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The May issue of n by Norwegian is a Svalbard special. For this we relocated the whole team (editor, deputy editor, art director, photographer and and sales people) to the main town of Longyearbyen – the world’s northernmost permanent settlement – for a week, armed with a set of ‘n’ logos recreated in MDF (pic above). That’s our temporary office, below.
It was an intense week of dog-sledding, snowmobiling to bizarre Russian mining towns, “researching” bars (tip: don’t drink the night before a snowmobile trip) and running around the place doing portraits. Photographer Tim White took more than 7,000 photos.
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We were completely blown away by the place, and not just for the reasons we expected. We went expecting it to be beautiful, and to provide lots of “Holy crap, we’re in the Arctic” moments (it did) – but we also expected that Longyearbyen would be a small town with a small town mentality. Actually, it’s a really vibrant place full of smart, interesting people, that really feels like it’s on the up. The university, UNIS, is doing world-leading research into everything from glaciology to climate change, and the vibe is MIT with tents and snowmobiles. Many of the restaurants, surprisingly, are world class, including Huset, with its 25,000 bottles of wine. Mary-Ann’s Polarriggen is one of the quirkiest hotels I’ve ever stayed in, with its wood-fired hot tub and mining bus turned smoking room, and many of the other hotels are top-end. But the main thing is the people – everyone we interviewed was obliging, passionate and smart. It’s not an easy place to live (there’s practically no healthcare, and everyone needs to have a job), so literally only the strongest survive.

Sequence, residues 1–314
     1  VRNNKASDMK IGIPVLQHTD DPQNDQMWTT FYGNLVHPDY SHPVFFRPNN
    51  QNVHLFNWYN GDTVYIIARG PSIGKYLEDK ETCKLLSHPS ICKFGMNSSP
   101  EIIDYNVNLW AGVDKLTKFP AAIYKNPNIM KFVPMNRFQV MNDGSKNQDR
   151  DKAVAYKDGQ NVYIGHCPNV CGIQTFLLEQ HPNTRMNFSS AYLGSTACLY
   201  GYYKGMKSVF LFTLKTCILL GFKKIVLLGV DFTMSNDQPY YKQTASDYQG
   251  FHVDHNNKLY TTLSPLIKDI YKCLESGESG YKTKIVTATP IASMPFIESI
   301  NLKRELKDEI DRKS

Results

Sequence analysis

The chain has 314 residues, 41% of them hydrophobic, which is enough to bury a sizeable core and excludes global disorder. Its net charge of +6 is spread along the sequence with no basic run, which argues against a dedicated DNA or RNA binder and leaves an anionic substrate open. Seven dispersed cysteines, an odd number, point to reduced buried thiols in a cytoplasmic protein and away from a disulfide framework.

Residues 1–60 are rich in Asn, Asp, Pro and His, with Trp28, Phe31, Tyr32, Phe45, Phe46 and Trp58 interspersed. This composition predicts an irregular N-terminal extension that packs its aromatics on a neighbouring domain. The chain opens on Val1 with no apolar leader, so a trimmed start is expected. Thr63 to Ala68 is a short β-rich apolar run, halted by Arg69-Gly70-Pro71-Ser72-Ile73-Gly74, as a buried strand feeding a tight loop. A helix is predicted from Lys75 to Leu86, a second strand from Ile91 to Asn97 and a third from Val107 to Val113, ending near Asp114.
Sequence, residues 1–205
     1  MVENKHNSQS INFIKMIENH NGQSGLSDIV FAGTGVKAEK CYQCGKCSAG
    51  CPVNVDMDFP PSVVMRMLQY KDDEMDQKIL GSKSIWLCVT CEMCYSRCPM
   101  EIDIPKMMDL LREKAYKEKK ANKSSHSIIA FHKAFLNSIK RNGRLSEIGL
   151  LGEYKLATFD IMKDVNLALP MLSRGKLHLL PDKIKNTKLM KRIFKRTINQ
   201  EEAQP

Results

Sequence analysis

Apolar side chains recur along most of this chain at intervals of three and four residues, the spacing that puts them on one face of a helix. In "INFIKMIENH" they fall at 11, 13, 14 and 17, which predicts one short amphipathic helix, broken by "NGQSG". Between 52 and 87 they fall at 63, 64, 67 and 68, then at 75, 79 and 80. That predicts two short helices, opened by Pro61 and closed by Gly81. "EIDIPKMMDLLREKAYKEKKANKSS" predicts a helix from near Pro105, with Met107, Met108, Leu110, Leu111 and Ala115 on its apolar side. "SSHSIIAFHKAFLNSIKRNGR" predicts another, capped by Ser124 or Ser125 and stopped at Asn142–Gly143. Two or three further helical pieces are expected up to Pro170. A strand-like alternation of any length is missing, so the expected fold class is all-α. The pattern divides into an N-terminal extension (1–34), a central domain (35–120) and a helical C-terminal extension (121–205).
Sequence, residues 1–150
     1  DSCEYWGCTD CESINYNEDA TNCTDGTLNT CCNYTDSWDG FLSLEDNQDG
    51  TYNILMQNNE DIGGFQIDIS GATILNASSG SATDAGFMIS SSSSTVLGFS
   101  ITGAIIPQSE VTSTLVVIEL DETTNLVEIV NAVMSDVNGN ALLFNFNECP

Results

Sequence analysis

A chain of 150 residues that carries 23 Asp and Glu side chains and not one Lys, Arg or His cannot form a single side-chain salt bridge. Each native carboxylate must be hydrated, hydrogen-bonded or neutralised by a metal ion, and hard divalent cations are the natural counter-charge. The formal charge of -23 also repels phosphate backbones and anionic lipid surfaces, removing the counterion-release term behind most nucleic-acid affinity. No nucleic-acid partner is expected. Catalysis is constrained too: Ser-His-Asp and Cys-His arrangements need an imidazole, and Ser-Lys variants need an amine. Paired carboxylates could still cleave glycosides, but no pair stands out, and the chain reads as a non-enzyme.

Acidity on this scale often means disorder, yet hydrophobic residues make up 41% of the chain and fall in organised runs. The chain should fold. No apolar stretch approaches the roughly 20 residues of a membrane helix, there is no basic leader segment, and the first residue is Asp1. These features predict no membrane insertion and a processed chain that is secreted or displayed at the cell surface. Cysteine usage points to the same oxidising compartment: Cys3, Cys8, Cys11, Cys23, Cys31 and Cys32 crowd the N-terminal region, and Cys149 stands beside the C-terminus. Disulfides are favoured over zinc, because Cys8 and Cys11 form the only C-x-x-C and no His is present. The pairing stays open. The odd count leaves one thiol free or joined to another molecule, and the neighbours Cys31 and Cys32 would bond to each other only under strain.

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It really is an incredibly special place, on so many levels – we expected to have cabin fever after a week, but we didn’t want to leave. They call it the Arctic Bug – and we caught it. (Posted by Toby Skinner)


Better than Rolling Stone

Apparently music blogger Bob Lefsetz is big news. He’s the author of the Lefsetz Letter, on which he posts at length bits of analysis and rants. He actually has the attention of the music industry, to the extent that the targets of his abuse often respond in person, then wind up taking him out to dinner or debating with him on TV. Wired magazine did a whole feature on him back in 2012. Anyway, point is he also sends out a by-subscription email letter and this was in it today:

Oh, baby baby, I didn’t know Max Martin wasn’t his real name!

Every month I get a care package from Ralph. A legal envelope from the U.K. filled mostly with obituaries, the English do it much better, and ski stories (Did you know you could go heli-skiing in Iceland in June? I’m gonna start a Kickstarter to fund my trip, ha!) and odds and ends like this story from a Norwegian flight magazine about…Swedish music producers!

That’s right, Spotify is not the only Swedish export, the only thing tearing apart the fabric of the American music business. Hell, I learned more reading this piece than in a year’s worth of Rolling Stone.

The piece he’s referring to is the cover story of the current issue of n By Norwegian, which you can read here. And then cancel your Rolling Stone subscription.

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The illustrations for the story, BTW, are by Thomas Burden, who says his work is best described as ’60s and 70s National Geographic meets 80s and 90s Argos catalogue’. It was written by n By Norwegian editor Toby Skinner. (Posted by AndrewH)

Norwegian noted


The excellent It’s Nice That design website has a post up about the illustrations David Sparshott produced for N by Norwegian magazine to accompany a story on the return to service of a luxurious private train that once belonged to Yugoslavia’s Marshall Tito. Conceived by art director Rickard Westin and editor Toby Skinner, the commission involved illustrating over the top of photographs of the train interiors. (Posted by AndrewH)